To celebrate our seventh year at Salone del Mobile, we have partnered with American artist, PhillipK. Smith III to create Open Sky – a light and reflection-based art installation.
The piece is housed in Palazzo Isimbardi, a building dating back to the 16th century located on Milan’s Corso Monforte. Influenced by this setting, Smith’s inspiration for the installation came from Renaissance architecture, the Milanese sky and the aesthetics of COS.
Designed to respond to its surroundings, Open Sky creates a spatiotemporal experience, with its reflections utilizing light, space, colour and the changing environment as a medium. Upon entering the courtyard of Palazzo Isimbardi, the architectural form of the installation invites visitors to explore a setting that appears to alter all the time. By framing the Milanese sky within mirrors, the outdoor piece captures what would otherwise seem ephemeral.
“Every person’s experience will be unique because the angle of reflection, the changing environment, and the shifting light of the day are all in a constant state of flux.”
- Phillip K. Smith III
What was driving the creative process when designing the installation?
The installation was created in direct response to its location at Palazzo Isimbardi; the changes in the built and the natural environment are manifested through shifts in light and the passage of time.
Open Sky is blurring the lines between art and architecture – it is a carefully designed installation with large-scale proportions, just like the majority of your work. Having a background in both fields, do you see yourself as an artist or as an architect?
I am an artist creating art at the scale of architecture. I have been able to apply my experiences as an architect to my art projects, such as working with engineers, city officials, fabricators and contractors. An important part of my training as an architect was analysing and understanding context – to find inspiration within specific site conditions in order to craft an appropriate response. This has had a profound effect on me and my light-based work.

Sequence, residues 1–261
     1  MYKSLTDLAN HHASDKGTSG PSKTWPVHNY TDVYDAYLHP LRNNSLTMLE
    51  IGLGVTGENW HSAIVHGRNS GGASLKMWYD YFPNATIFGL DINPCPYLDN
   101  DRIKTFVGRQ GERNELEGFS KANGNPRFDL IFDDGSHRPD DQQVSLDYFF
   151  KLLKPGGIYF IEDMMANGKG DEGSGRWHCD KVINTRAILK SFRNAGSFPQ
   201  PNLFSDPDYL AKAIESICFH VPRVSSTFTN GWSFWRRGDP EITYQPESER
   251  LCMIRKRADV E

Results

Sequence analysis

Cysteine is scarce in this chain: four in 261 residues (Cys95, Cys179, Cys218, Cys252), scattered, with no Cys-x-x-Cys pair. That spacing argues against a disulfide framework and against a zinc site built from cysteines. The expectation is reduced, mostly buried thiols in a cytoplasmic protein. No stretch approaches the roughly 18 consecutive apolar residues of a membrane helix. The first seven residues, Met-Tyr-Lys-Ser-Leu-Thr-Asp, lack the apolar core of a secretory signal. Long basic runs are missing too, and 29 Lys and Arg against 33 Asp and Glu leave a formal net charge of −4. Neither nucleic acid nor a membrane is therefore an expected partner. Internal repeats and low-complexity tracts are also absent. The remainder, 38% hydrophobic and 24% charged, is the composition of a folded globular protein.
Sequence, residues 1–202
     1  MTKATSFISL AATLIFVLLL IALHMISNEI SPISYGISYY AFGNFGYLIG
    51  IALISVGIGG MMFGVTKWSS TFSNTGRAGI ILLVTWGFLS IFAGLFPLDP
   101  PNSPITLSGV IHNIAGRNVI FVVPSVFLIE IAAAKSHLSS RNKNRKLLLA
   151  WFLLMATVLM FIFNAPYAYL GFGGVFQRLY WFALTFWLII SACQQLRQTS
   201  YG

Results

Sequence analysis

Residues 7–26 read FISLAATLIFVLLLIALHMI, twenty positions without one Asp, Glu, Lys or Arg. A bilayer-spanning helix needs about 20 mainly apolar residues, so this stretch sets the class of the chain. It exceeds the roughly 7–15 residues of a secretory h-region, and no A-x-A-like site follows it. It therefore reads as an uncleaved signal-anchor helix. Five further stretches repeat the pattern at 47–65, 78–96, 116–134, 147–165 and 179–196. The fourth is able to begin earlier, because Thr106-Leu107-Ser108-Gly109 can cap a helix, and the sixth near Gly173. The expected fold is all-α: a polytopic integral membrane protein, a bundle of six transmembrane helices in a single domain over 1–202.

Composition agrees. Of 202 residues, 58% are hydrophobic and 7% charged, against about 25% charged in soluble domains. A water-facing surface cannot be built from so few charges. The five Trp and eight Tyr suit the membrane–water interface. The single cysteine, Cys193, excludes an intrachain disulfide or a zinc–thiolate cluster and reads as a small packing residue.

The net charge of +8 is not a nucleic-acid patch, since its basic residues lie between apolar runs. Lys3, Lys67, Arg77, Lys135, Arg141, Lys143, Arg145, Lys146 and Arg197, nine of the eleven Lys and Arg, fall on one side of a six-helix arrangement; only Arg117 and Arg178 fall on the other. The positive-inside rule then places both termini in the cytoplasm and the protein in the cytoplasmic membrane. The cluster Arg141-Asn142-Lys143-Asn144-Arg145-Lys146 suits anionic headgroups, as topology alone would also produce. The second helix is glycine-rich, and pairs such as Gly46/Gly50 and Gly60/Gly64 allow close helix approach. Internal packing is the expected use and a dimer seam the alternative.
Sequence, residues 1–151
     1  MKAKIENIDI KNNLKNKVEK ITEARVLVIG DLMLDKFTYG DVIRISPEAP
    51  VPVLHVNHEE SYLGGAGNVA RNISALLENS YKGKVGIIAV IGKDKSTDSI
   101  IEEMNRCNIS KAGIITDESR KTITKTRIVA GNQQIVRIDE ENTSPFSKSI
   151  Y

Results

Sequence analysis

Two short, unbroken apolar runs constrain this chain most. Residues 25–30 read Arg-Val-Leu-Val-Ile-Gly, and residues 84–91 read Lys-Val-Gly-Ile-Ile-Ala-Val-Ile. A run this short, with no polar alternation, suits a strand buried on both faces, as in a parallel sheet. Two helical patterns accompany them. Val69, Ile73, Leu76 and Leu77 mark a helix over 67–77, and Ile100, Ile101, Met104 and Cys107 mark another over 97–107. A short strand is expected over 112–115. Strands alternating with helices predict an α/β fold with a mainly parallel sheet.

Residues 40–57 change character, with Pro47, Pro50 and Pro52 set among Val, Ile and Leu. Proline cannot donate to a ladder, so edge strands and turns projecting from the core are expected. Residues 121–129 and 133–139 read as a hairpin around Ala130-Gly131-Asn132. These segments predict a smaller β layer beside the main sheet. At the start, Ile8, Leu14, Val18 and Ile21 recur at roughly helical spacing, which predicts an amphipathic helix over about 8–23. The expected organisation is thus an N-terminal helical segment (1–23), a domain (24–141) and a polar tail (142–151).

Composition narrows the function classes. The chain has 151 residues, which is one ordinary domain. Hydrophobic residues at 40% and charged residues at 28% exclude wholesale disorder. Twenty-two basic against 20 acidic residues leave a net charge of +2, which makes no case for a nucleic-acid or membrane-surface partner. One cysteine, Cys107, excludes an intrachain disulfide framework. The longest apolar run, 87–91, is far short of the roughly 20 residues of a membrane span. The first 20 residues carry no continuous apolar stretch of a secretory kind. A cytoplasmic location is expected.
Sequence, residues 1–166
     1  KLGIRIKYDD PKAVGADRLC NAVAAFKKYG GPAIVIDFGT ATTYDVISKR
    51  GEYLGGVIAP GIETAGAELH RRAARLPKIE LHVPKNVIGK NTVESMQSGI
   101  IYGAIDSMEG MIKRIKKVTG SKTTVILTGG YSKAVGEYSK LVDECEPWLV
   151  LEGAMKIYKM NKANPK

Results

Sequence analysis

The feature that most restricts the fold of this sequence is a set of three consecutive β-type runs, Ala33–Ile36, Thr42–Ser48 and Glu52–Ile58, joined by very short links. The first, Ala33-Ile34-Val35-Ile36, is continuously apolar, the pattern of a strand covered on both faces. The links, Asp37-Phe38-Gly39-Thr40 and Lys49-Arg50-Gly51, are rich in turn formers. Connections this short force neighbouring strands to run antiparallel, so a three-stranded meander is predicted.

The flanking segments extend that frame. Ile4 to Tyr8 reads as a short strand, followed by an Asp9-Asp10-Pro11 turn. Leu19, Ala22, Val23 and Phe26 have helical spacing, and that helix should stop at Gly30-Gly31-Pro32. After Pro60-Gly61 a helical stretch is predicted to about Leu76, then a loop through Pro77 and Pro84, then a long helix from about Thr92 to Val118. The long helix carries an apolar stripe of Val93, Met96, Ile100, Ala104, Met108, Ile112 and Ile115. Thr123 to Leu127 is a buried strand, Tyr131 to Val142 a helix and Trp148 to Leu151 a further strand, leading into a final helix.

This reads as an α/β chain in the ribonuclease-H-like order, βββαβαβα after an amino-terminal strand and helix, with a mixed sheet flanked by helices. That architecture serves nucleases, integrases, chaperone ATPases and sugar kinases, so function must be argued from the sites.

How did Italy as a location inform your choices for the installation?
Entering and walking through a palazzo was a daily experience during my studies at Rhode Island School of Design’s Palazzo Cenci in Rome. The sense of light, air and volume at the heart of a structure is consistent in the design of Italian residential architecture. The powerful effect is the framing of a square of sky above. This provided me with the inspiration for the project. I wanted to pull the sky to the ground – to make it physically present.
In addition, there is a physical presence of light within Italy as an expected and necessary component of life.
Given the scale of your projects, what aspects do you take into consideration when choosing a location?
I am interested in being challenged by site parameters that I could never recreate in my studio as well as creating works that serve as a tool for redefining one’s relationship with light, colour and the beauty of the surrounding environment.
What do you hope visitors of Open Sky will take away from the experience?
A new understanding of the beauty and subtlety of the shifting Milanese sky. I hope for a renewed awareness of the beauty that exists within the viewer's own natural and built environment. Also, I anticipate a unique understanding for each participant of how the natural and built environment can be seamlessly stitched together and activated through movement.
What projects do you have planned for the future?
I am working on large-scale permanent works in West Hollywood, Bellevue and Scottsdale and I am in conversation with museums and institutions in the United States regarding several site-specific installations. Various scaled projects are being planned for major cities in the US between Los Angeles and New York, where opportunities exist in places of regrowth, renewal and redefinition.